Ghirlandajo, I am reverting the page because you do not provide sufficient justification for your very questionable changes, which are obviously not neutral POV (e.g., you changed "annexation" to "liberation," "russified" to "delatvianized," etc.). That terrible things happened all over the USSR is no reason to remove specific information on how the region was ethnically cleansed and its original inhabitants (of whatever ethnicity) in large part replaced by others. --Pēteris Cedriņš 01:16, 27 November 2005 (UTC)Reply[reply]

So we should repeat the same in articles on every Soviet town? Firstly, your changes were by no means minor. Secondly, you introduced a heavily POV phrasing: "annexation" and "russification" of the territory that was Russian for more than a millenium. You also fail to explain a mysterious phrase on Russia still refusing to recognize Latvia's independence. Therefore I revert. Wikipedia is not a Latvian propagandist machine. --Ghirlandajo 01:25, 27 November 2005 (UTC)Reply[reply]
Part of the point of having this article is to provide information on issues relevant to the dispute; the russification of the region is very obviously very relevant. "Annexation," Ghirlandajo, is a wee bit more neutral than "liberation" -- the territory was annexed to the RSFSR in a very murky way by a totalitarian occupying power (an example of how murky is that the actual territory annexed exceeds in size the territory formally annexed) -- how you can call the deportation and repression of a population "liberation" is beyond me. "Russian for more than a millennium" is a ludicrous contention; you apparently are not paying attention to the distinctions I am attempting to make between "ethnic" and "national" -- following your logic, all of Latvia would be "Russian," Finland would be Russian and Swedish and might be "liberated" by an invasion, etc. See what I wrote on this page some months ago. For your information, some of the ethnic Russians from Abrene are Latvian citizens to this day, having fled Abrene because of the repressive measures that followed the annexation of the territory. I didn't write any "mysterious" phrases -- see the history. The article is quite poor and needs major expansion, in my opinion, and I tried to bring up some of the things that ought to be in it on this page, at length. I am well aware of the fact that Wikipedia is not "a Latvian propagandist machine," but neither is it a Russian propagandist machine. I am going to revert your changes for the time being, once again, and I will try to expand the article over the next few days. Since we obviously have very different viewpoints, it would be far more constructive if you attempted to discuss the specifics, so that we might reach a compromise, instead of lashing out. --Pēteris Cedriņš 02:12, 27 November 2005 (UTC)Reply[reply]

Moved from Irpen's and Pēteris Cedriņš' user talk pages[edit]

Privet! You made a note to my rewrite that "the article still needs much revision." What do you have in mind? I plan to add more information on the international law aspect, and will add references), but I would be interested to know what you think the article needs. --Pēteris Cedriņš 13:19, 28 November 2005 (UTC)Reply[reply]

sveiki! I supplied some edit summaries with my corrections. Basically, the problem is that the article is one-sided towards the Latvian POV on the dispute. It is not your fault since you base your writings on the Latvian sources. I will ask some Russian editors that I know to have knowledge of the subject to look at it. I corrected only what seemed obvious to me. See my summaries for the reasons. Regards, --Irpen 16:22, 28 November 2005 (UTC)Reply[reply]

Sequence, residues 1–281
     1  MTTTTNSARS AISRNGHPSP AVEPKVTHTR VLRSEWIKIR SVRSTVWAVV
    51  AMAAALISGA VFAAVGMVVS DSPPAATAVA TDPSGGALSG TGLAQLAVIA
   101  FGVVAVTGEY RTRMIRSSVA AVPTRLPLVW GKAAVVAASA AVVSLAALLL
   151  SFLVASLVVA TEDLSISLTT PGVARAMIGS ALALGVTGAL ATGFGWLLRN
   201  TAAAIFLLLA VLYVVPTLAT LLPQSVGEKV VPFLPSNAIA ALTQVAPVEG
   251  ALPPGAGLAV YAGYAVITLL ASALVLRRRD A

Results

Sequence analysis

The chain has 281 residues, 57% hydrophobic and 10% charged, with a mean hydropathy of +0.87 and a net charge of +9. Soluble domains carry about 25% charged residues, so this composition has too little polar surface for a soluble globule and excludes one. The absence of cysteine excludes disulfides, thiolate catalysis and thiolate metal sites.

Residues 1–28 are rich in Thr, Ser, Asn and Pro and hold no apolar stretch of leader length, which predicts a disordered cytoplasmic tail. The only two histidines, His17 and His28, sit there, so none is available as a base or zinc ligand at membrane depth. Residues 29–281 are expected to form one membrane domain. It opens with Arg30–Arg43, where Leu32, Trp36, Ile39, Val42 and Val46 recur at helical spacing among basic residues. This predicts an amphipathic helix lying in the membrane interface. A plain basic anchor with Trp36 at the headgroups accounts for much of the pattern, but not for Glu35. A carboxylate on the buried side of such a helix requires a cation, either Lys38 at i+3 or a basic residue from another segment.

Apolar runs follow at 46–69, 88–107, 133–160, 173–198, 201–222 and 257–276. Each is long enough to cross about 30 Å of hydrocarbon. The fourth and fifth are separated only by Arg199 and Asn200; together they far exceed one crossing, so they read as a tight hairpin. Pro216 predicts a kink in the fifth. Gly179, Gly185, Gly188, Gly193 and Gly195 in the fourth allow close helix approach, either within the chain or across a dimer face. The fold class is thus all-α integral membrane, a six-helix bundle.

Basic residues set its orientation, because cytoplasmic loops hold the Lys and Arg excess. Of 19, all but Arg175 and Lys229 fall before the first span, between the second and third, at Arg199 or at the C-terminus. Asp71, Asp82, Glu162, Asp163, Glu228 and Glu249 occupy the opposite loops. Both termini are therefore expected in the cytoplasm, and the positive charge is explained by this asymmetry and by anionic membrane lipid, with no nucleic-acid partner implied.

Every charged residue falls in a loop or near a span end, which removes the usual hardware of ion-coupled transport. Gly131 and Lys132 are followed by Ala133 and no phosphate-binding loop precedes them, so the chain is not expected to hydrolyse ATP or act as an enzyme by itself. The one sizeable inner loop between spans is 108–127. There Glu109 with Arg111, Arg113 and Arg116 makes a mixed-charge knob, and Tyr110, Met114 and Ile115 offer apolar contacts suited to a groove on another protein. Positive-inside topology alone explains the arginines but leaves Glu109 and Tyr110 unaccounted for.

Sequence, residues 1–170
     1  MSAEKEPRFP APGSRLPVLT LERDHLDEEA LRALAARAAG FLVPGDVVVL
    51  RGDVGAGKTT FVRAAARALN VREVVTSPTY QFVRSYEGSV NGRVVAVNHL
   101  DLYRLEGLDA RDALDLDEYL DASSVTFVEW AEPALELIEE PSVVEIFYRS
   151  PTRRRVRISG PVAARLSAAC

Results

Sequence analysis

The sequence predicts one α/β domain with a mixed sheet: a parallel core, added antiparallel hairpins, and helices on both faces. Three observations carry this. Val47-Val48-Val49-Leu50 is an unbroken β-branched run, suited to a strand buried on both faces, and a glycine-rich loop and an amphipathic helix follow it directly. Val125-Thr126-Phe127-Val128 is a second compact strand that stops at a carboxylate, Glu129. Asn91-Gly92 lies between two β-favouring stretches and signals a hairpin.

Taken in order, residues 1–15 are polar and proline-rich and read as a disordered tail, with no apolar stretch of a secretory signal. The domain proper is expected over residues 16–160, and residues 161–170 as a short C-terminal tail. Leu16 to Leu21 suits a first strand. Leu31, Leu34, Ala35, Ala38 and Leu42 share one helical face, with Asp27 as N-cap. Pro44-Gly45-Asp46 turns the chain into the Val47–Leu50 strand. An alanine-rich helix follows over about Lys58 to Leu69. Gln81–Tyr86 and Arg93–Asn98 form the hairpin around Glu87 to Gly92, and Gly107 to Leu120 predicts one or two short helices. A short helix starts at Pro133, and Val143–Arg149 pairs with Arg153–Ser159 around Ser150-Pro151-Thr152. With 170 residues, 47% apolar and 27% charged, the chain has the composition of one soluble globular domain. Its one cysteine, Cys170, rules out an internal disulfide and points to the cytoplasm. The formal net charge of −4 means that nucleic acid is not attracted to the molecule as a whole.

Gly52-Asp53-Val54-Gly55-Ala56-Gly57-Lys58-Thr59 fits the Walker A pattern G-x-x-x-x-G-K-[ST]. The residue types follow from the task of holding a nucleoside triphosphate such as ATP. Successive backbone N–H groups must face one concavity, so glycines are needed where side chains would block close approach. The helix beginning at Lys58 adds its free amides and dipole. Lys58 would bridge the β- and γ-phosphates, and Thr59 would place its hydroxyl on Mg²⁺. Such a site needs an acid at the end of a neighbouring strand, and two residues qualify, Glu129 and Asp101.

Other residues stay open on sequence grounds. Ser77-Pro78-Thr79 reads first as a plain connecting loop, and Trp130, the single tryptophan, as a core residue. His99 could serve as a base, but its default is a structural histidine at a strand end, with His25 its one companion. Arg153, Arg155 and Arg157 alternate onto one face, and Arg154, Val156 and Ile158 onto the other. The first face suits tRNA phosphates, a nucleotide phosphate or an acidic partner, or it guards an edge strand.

My sources are actually wide-ranging. Loeber, for instance, is a German expert in international law, arguing that the annexation is a clear-cut violation of international law, and I did not make it as clear-cut in my article only because I know that certain persons would doubtless come around to revert or delete. The actual facts on the annexation come from Soviet archives and not Latvian documents. Not to oversimplify, but this is not a Russian vs. Latvian debate, and if "annexation" gets replaced by "liberation," I am not the one biased towards a POV. Equating a victim with a murderer does not lead to NPOV. Vsego khoroshego, --Pēteris Cedriņš 16:48, 28 November 2005 (UTC)Reply[reply]

There is no doubt that it was annexation. I did not insert "liberation" and have no intention to do it. My problem, for example, is with using "return to Latvia", because every piece of land in Europe can be transferred to a number of countries and this could be called "return". Under this logic, Kiev or Smolensk could be "returned" to Poland, Warsaw could be "returned" to Russia, Gdansk to Germany and Bretagne to the UK. Similarly, talking about the lack of plebiscite, is like talking about the lack of multiparty democracy. It is a tautology to raise this in every USSR-reraled article. Stuff like "can't visit graves" looked strange in your version because it is not clear what exactly the problem is as I explained in the edit summary. I only corrected the obvious things and it will take a more knowledgeable editor to do more. Please, no flames. --Irpen 17:13, 28 November 2005 (UTC)Reply[reply]

I further explained the graves, trying to clarify -- it is a priority for the actual victims (you must know how Balts and Slavs are about graves), and the case is bilateral -- the trouble is that they live outside the border zone, many in the town of Balvi (still in the former Abrene district, but outside the zone where one can get cross-border privileges, etc.). I do not desire to flame you, and I realize that you try to be reasonable (I went through your some of your controversies!). Your critique does not stand up so far though, sorry -- Poland has a border agreement with Russia, etc., and there is a difference between satellites and Soviet "republics." Legality ought to have a place in an encyclopedia. De jure, Abrene belongs to Latvia -- de facto, it was annexed to Russia. Your logic is not my logic! Yes, much territory moved and many people moved (many into graves), but the law is the law -- international law is maybe POV? --Pēteris Cedriņš 17:54, 28 November 2005 (UTC)Reply[reply]